FALLOUT / Interplay / PC
Fallout 2 seems to be the consensus pick among series aficionadoes as the favorite. It shares essentially an identical engine and interface with this first game, just being Bigger and with Moar Moar and arguably having a better/more intricate story. Yet I've always liked this first one better. I could never be stuffed to play all the way through Fallout 2 on 2 attempts, whereas in my 2 runs now with this one I happily stayed and played 'till the end.

After sitting down with this one again, I think I've figured out why. For one thing, the smaller size and less sprawling world actually works to advantage here, given how slow-paced simply moving about the game world is. You also start right off with a pistol and can immediately get a shotgun with good enough conversation skill; you don't have to sludge about jabbing a spear at things for 2 hours. You also don't really need to drag around derpy AI companions as you do in the second game, soloing is much more viable here. And being a sneaky, lock-picking conversationalist gets you a hell of a lot farther and avoids a lot more combat than Fallout 2, which essentially forces you into some sort of total combat build (though Small Arms specialization and pumping to 90-100% with your first couple of levels is still virtually mandatory here.)

All that said ... you probably still have to be a 90s WRPG vet to get into this one in this day and age. For 1997, the game was an amazing jump of marrying tech prowess to the sort of open-world free-flowing experience the WRPG had become known for. For 2013? Movement around the game world is horribly slow, with a lot of open dead space to navigate, and combat also unfolds at a very sedated pace, at least until you get overpowered in the late game and can gib everyone at will. It also Don't Look So Good No Mo, and the ambient "world" music is about as close to not having a soundtrack as you can get while still technically having one. The interface is also confusing at first, as it requires some non-intuitive shifts between right- and left-clicking to do anything (F1 gives you a handy list of keybindings, though I don't recall the game ever actually telling you that ... 1997 still bleeds into the Read The Manual Era for computer games.)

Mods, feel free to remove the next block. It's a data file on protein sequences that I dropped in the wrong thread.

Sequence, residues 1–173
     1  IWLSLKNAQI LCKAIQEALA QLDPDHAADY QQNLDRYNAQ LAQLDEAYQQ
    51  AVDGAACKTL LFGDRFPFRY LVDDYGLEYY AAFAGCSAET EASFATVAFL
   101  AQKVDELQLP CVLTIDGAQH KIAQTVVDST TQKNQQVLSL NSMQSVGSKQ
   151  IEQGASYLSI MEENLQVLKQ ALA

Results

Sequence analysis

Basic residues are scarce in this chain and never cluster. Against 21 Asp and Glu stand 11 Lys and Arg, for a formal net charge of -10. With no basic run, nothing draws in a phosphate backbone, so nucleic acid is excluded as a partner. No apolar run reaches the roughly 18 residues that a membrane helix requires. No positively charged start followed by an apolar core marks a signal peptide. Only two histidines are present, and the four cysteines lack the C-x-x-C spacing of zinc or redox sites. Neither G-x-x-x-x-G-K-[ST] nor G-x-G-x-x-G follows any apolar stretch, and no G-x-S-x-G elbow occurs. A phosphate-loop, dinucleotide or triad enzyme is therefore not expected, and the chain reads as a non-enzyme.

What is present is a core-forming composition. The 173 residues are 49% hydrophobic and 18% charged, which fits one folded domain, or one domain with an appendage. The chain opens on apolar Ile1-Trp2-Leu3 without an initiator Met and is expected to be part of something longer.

Fallout's setting and atmosphere shouldn't be taken for granted, though. Apocalyptic post-nuke games are more common now, but at the time no one else had really done anything else like this except for Wasteland in the '80s (also by Brian Fargo, lead designer.) The game actually has a rich backstory, I "buy" the game world as a plausible place, and the 1950s-camp-meets-apocalypse tone was a stroke of genius. It also handles freedom of choice and movement with a strong narrative very well.

One irritating trend that it did establish, unfortunately, is that of giving the player a huge amount of potential builds and skills ... but then failing to balance the game so that only a handful of them are actually viable. Again, this game is better about letting you avoid combat than Fallout 2 ... if you choose to follow the plot, you can actually infiltrate a base using sneaky tactics to get the final item you need, then use that as evidence (along with some conversational skill) to talk the "last boss" out of their evil plans. However, there's still some skills that are almost completely useless. Throwing is almost completely pointless due to a general lack of throwable weapons; up until mid-game you rarely see grenades or molotov cocktails, and throwing knives are both much rarer than Small Arms ammo and also a much poorer substitute for even a mediocre gun. Hand-to-hand/melee also aren't very viable given how easy ammo and weapons are to find and how often the enemies are packing serious firepower and are at a distance. "Outdoorsman" sounds like it will allow you to gather plants and do all sorts of useful things, but really it just determines your chance of a random encounter when travelling the overworld. Science and Gambling have just the merest handful of uses, not enough to be worth the points to pump them up. It's one of the ultimate games for "character regret" if you go in not knowing anything about how it works.

So ... terribly slow, kind of clunky, kind of unbalanced ... but with a fantastic game world, very solid combat, and Do What You Want 'Cause A Vault Dweller Is Free. If you're spoiled by modern systems it might be too hard to get into, but you can easily get a look at it for only a couple bucks, which it's certainly worth.
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